Intercepting Pain By Fooling The Human Body | KERA News

Intercepting Pain By Fooling The Human Body

Feb 14, 2018

A team at the University of Texas at Dallas is developing a new method to treat pain by disrupting how the body processes it. 

Zachary Campbell researches pain on the molecular level at UT Dallas. His team's work describes a new method of reducing pain with RNA-based medicine. RNA stands for ribonucleic acid, which carries out genetic information from DNA to proteins.

On what causes the sensation of pain

When you have an injury, the activity of the neurons that's relevant to pain is that they generate signals that are transmitted back via the spinal cord to the brain, which ultimately will process that into some sort of behavioral output. You can imagine this as touching a hot stove and then having a jerk reflex to avoid re-injuring yourself.

DNA vs. RNA 

The blueprint that makes you you and me me is encoded by DNA. And DNA really becomes interesting after it gives birth to a molecule called RNA. Now, a particular class of RNA, called messenger RNA, transmits information to the protein synthesis machinery, which is actually compartmentalized within the cell.

So you can imagine just thinking about that process that the precise execution of that information is meticulously controlled, and you would be correct. We know that in the case of pain, protein synthesis has to occur, but we don't really understand what the targets of that event are, nor really how it's regulated.

Our goal was to just mimic one feature that is present on the vast majority of RNA with a synthetic RNA-like molecule in order to sort of decoy the factors that are involved in that regulation. It's a bit like a game of musical chairs where there are 10 people and 10 chairs. We flood the system with a thousand decoys to occupy those chairs, and so as a result the game is fundamentally different.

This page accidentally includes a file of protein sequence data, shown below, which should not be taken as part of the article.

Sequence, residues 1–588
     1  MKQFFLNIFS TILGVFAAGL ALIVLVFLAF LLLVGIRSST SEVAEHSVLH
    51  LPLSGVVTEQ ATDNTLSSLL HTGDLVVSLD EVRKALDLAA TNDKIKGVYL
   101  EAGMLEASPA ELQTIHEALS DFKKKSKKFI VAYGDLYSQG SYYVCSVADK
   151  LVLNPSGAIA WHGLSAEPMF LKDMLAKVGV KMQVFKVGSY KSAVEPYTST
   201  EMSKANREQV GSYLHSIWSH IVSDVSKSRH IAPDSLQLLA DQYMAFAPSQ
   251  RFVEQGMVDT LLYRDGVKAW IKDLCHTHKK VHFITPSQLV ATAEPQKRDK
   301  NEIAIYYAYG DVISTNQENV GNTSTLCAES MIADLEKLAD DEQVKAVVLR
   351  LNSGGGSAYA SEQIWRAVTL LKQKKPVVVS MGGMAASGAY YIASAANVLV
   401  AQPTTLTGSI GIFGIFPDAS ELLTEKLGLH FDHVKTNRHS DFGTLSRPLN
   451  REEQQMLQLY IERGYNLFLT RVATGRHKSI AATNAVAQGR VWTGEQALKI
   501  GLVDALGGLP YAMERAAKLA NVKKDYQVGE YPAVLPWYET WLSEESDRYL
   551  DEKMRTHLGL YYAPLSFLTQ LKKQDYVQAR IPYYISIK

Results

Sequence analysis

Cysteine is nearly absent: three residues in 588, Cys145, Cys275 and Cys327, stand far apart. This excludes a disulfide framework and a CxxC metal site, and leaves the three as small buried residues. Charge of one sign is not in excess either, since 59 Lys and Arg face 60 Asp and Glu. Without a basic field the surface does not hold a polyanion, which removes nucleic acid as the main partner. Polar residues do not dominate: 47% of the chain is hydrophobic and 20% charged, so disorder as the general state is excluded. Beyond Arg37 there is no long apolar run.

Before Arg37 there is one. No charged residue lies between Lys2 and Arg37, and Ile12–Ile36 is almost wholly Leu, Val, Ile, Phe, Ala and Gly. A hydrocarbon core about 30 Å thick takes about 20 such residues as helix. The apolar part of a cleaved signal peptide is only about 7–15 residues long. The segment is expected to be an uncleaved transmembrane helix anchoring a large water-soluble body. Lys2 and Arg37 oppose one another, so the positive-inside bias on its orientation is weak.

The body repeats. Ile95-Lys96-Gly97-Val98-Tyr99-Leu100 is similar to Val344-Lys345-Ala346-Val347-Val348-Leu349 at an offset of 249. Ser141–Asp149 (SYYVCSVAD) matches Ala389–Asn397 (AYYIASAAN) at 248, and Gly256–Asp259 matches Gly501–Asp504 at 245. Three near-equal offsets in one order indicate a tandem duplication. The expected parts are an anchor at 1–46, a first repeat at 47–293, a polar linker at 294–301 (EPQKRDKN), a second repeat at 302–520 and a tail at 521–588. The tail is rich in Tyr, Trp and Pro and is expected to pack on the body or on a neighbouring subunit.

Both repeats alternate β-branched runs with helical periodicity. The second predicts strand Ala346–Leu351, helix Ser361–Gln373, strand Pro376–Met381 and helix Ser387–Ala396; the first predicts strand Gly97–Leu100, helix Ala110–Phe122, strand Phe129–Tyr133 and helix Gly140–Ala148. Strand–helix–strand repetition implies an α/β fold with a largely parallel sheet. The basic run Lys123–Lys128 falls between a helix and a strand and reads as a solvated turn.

Zachary Campbell
Credit University of Texas at Dallas

On how the decoy molecules work

The way that they actually work, and a major challenge we had to overcome, is RNA is quite ephemeral. It's turned over rapidly on the order of hours in our hands. So we actually made molecules with the intention of changing that, that persist for over a week in serum. It's an order of magnitude more resistance to decay. What they actually do, once they binded to these factors that they're decoying, is they lead to a nonproductive sequestration. So you've essentially taken these factors out of the equation.

On addressing inflammation and other pain-associated ailments

The model that we actually use in our pain studies is called a cytokine, and this is something that's produced by the immune system to tell the neurons that there is an injury nearby. We know that we can blunt these effects of that signaling process by affecting protein synthesis within the neuron. So it is difficult to undersell the importance of the neuroimmune interface. My wife is actually a rheumatologist and so I hear about just how difficult it is to live in these conditions with persistent pain states and it's certainly something that is on my radar and that of many of the pain researchers at UT Dallas.

Dr. Zachary Campbell directs the Laboratory of RNA Control and is a professor at the University of Texas at Dallas.